I'm in the midst of reading Karl Popper in preparation for our next recording and have been thinking about the distinction between the fruits of scientific exploration, the theories and accounts of the world, and the underlying disposition of scientific argument, especially as it applies to the way we, as a community, discuss and expect to resolve disputes, what we consider as evidence, and what we expect both proponents and nay-sayers to bring to the table when making their claims.
Adam Frank has a nice Op-Ed piece in the NYTimes this week regarding this very issue. Frank cites the rise of creationism from a minor undercurrent of American culture to a well-funded ideological effort to shape the curriculum in our schools, the continuing cult of climate deniers who extend across our government, and resurgent anti-vaccine campaigners as indicative of the lamentable erosion of the importance of science and the traditions of science in our public discourse.
In 1982, polls showed that 44 percent of Americans believed God had created human beings in their present form. Thirty years later, the fraction of the population who are creationists is 46 percent. In 1989, when “climate change” had just entered the public lexicon, 63 percent of Americans understood it was a problem. Almost 25 years later, that proportion is actually a bit lower, at 58 percent.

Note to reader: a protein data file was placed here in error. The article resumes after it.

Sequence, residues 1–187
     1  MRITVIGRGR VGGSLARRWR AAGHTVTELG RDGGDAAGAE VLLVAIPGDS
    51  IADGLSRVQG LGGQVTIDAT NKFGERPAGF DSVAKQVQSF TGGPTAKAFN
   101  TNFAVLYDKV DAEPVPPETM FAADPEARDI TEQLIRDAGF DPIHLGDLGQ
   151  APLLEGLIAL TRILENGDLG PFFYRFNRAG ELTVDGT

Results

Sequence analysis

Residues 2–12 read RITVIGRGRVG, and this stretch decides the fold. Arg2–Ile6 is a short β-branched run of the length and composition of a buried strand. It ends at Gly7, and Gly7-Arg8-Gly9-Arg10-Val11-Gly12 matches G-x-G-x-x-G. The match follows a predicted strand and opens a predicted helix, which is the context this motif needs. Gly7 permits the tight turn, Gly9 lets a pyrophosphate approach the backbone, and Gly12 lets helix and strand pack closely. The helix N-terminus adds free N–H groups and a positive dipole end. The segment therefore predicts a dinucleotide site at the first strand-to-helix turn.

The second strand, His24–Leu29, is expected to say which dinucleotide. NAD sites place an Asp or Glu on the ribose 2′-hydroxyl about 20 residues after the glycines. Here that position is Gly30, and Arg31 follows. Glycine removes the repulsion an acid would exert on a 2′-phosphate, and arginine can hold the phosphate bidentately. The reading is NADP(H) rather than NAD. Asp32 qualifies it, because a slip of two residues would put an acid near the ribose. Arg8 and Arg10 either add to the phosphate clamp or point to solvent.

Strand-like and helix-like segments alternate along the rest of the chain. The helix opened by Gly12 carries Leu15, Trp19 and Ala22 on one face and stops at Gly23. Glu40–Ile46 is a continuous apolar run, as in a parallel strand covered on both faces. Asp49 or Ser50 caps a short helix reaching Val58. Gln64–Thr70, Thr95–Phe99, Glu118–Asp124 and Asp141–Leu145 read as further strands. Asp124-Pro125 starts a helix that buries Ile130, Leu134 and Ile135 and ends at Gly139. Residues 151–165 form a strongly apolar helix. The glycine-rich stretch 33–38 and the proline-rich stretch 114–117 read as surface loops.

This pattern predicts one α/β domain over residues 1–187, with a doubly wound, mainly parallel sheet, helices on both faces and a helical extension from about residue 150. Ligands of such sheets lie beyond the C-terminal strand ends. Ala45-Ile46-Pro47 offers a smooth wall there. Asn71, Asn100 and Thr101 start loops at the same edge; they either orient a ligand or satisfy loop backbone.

What I particularly like about Frank's article is that he doesn't cite the truth-value of scientific discourse, but the embedded traditions regarding the use of evidence and argument making our public policy decisions. At the center of this is how we use empirical evidence and evaluate claims based upon it. Very few scientists (some thanks goes to Popper here) will say that the facts merely speak for themselves. The evidence must be evaluated and interpreted and an important part of science is the structures, processes, and habits associated with evaluating that evidence. I think much of the hullaballoo over scientific truth and whether it's "true" or not skirts this point on a regular basis. The fact is that scientific truth is regularly revised, reshaped, and recalculated. New processes are discovered and new ways of thinking are leveraged to understand the new evidence while trying to embrace the old. What sticks are rough sets of counts as good evidence and a distinction between the best we can say and what is unlikely speculation.